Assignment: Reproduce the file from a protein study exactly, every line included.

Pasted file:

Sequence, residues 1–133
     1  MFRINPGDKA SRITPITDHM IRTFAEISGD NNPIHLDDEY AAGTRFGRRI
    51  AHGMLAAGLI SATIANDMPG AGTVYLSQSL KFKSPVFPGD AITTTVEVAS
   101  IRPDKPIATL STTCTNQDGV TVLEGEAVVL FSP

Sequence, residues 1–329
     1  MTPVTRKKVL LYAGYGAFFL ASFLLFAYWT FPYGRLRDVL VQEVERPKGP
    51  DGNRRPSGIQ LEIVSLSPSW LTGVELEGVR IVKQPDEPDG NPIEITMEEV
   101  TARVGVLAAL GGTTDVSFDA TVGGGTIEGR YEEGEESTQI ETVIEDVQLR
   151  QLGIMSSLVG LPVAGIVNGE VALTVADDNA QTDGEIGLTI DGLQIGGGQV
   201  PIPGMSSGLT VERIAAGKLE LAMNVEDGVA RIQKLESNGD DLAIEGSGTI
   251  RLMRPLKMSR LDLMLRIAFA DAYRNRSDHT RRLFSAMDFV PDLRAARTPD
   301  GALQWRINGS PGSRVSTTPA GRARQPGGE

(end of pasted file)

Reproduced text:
Sequence, residues 1–133
     1  MFRINPGDKA SRITPITDHM IRTFAEISGD NNPIHLDDEY AAGTRFGRRI
    51  AHGMLAAGLI SATIANDMPG AGTVYLSQSL KFKSPVFPGD AITTTVEVAS
   101  IRPDKPIATL STTCTNQDGV TVLEGEAVVL FSP

Sequence, residues 1–329
     1  MTPVTRKKVL LYAGYGAFFL ASFLLFAYWT FPYGRLRDVL VQEVERPKGP
    51  DGNRRPSGIQ LEIVSLSPSW LTGVELEGVR IVKQPDEPDG NPIEITMEEV
   101  TARVGVLAAL GGTTDVSFDA TVGGGTIEGR YEEGEESTQI ETVIEDVQLR
   151  QLGIMSSLVG LPVAGIVNGE VALTVADDNA QTDGEIGLTI DGLQIGGGQV
   201  PIPGMSSGLT VERIAAGKLE LAMNVEDGVA RIQKLESNGD DLAIEGSGTI
   251  RLMRPLKMSR LDLMLRIAFA DAYRNRSDHT RRLFSAMDFV PDLRAARTPD
   301  GALQWRINGS PGSRVSTTPA GRARQPGGE